I?ve scared more than a few amateur cyclists by progressing them through harder interval workouts normally reserved for the Preparation or Specialization (competition) periods months before their goal events. Their apprehension stems from the idea that doing hard work too soon will hurt their chances of reaching peak performance later in the year. However, for the athlete who has limited time, adding intensity may be the best way to get the most out of training. The increased training load from progressing through shortened Preparation and Specialization training blocks leads to greater aerobic power than we see when time-limited athletes focus solely on aerobic conditioning during the same time period. You still have to follow a periodization plan and focus on one aspect of training at a time, but the progression from one step to the next is more rapid with this approach.
After these more intense early-season training blocks, time-limited cyclists can progress into a more traditional Preparation Period of training, complete with the typical long, sustainable power intervals, and then move into the Specialization Period that leads them to peak condition for their goal event. The key is to take advantage of your relatively low weekly volume to increase intensity and start the second Preparation/Specialization sequence with a higher level of fitness than you would have otherwise. The pros have the luxury of volume, you have the luxury of recovery.
Clean Out Your Closet
Far be it for me to tell people how to spend their money, and I like a tricked-out bike as much as the next guy, but things are getting out of hand. With the quest to have the newest lightweight gadget or the same bikes the pros ride, I?ve seen riders wearing four-year-old, worn out cycling shorts and jerseys from 1996 while riding brand new $8000 machines.
When you?re done reading Roadcycling.com, go to your closet and evaluate the age of your cycling clothing. If you?ve been riding in a pair of shorts for more than two seasons, replace it. The changes in performance fabrics, chamois shape and design, and seam placement in the past few years may not have grabbed headlines, but they have made a huge difference in comfort and temperature regulation. You?ll feel better, and in turn perform better, with updated cycling clothing.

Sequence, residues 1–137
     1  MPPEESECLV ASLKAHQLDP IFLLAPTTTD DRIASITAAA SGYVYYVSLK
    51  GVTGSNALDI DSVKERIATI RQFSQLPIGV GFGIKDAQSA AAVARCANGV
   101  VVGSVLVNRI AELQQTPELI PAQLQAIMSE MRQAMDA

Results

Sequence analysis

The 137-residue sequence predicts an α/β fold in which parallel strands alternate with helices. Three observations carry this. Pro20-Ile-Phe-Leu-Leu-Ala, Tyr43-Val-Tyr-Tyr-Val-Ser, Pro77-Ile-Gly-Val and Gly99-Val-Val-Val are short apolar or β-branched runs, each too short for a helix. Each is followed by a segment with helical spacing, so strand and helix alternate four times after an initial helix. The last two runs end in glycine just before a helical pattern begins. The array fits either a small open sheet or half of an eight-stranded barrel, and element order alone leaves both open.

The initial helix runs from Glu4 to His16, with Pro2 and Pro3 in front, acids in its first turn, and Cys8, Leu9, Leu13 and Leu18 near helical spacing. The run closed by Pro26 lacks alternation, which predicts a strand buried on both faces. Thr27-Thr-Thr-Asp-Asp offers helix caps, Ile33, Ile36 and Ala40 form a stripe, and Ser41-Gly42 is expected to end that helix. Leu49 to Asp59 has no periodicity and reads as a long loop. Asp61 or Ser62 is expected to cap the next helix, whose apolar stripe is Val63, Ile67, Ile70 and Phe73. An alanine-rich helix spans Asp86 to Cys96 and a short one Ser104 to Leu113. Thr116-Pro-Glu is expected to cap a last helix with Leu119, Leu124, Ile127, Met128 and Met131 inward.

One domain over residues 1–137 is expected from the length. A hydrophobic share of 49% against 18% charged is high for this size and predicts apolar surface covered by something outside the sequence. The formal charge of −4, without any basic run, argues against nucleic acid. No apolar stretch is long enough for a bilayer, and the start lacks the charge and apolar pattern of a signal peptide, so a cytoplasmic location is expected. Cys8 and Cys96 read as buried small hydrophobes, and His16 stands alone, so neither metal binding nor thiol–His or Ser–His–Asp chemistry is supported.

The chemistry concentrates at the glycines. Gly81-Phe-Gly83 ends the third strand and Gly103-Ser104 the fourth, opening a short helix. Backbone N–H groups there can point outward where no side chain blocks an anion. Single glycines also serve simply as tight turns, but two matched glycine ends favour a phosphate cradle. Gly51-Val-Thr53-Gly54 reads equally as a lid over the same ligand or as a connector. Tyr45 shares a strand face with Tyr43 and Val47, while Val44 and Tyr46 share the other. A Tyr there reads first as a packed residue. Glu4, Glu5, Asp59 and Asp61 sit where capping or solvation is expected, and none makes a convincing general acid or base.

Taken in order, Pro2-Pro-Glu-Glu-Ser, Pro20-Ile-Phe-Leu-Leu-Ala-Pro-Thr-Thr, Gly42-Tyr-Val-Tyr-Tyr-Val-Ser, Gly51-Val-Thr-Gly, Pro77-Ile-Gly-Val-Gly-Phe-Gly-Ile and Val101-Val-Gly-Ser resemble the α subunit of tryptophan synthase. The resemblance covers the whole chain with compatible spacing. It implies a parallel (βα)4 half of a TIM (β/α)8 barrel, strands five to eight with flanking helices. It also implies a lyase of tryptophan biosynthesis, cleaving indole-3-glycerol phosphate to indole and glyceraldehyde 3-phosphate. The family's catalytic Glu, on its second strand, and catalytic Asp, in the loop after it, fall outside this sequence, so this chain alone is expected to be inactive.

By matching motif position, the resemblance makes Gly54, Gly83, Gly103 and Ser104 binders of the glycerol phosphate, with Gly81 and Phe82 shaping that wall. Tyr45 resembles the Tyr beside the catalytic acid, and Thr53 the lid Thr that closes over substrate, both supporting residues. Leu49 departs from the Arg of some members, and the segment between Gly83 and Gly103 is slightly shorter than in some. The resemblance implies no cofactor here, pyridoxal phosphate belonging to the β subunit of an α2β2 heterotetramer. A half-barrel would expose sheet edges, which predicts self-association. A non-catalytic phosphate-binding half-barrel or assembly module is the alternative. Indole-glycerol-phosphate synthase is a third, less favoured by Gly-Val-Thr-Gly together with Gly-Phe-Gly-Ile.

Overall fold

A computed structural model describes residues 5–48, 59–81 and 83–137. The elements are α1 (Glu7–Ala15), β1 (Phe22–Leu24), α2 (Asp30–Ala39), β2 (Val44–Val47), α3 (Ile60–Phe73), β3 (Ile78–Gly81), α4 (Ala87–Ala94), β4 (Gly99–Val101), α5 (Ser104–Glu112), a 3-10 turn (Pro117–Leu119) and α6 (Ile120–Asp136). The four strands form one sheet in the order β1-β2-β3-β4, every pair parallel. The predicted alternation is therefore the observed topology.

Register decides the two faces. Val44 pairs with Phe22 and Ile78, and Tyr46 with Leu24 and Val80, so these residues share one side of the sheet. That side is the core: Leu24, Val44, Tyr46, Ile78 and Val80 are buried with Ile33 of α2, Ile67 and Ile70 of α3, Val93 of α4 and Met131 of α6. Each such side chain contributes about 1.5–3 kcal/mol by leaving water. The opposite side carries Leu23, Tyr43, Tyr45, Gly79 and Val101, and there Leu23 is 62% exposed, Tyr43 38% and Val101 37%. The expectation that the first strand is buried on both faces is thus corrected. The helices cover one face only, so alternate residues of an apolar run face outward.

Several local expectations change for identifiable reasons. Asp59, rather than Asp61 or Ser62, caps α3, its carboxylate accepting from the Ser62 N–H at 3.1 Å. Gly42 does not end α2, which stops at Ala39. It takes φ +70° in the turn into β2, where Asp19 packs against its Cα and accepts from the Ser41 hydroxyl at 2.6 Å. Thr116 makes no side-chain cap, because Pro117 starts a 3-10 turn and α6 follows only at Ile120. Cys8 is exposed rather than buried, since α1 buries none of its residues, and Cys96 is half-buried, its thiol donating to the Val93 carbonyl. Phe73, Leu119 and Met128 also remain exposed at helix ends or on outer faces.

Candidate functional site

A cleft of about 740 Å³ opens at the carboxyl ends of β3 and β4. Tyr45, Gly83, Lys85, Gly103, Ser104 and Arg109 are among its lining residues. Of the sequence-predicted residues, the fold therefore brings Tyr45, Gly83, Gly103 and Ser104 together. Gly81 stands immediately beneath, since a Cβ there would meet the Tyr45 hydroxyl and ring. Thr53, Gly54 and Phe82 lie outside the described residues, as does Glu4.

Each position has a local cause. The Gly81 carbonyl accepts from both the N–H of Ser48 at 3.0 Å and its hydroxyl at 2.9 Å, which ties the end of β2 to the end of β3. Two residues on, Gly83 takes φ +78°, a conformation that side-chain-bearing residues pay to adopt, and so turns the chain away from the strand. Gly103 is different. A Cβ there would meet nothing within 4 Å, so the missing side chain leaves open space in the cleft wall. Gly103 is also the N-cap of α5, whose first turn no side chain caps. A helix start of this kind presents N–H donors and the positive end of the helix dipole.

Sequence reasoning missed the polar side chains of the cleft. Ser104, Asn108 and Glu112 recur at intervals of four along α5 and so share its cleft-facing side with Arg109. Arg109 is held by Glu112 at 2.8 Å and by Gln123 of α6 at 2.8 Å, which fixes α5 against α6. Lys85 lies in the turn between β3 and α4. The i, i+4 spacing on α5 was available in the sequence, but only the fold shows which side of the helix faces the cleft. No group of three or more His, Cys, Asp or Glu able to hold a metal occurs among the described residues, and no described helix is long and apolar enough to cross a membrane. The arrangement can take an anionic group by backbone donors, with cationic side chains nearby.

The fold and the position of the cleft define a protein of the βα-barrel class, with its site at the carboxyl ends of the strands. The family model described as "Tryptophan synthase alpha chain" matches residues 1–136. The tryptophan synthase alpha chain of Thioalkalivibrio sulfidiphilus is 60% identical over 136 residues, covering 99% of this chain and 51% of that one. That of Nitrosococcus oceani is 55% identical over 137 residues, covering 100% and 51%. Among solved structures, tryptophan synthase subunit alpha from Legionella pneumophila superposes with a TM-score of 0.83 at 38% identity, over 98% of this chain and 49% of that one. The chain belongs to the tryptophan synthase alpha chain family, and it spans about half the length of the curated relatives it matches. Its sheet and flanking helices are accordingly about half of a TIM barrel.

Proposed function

Also check your heart rate monitor. New heart rate monitors, like the Nike Triax, are easier to use than previous generations of heart rate monitors. The new generation of monitors has improved features and can be downloaded into your computer. You can even download workouts from your computer into some monitors. You may also consider adding a power meter to your arsenal of training equipment. You?ll get more out of your training from using new monitors than a new bicycle frame.
When you get done cleaning out your closet, don?t just toss your old gear into the trash. Contact your local cycling clubs and donate the clothing to juniors or riders who are just starting out in the sport. Just because there?s better equipment out there for you to use doesn?t mean your old jerseys, jackets, vests, and gloves can?t provide a new rider with a good starting point.
As much as I enjoy working with elite athletes across a wide spectrum of sports, going to camps and seeing the amazing progress athletes can make in the course of a few days is one of the most fulfilling parts of being a coach. Your path to success in this sport is different than the professionals?, and while there is a lot you can learn from them, it?s even more important make sure the steps you?re taking will lead you towards your goals, not theirs.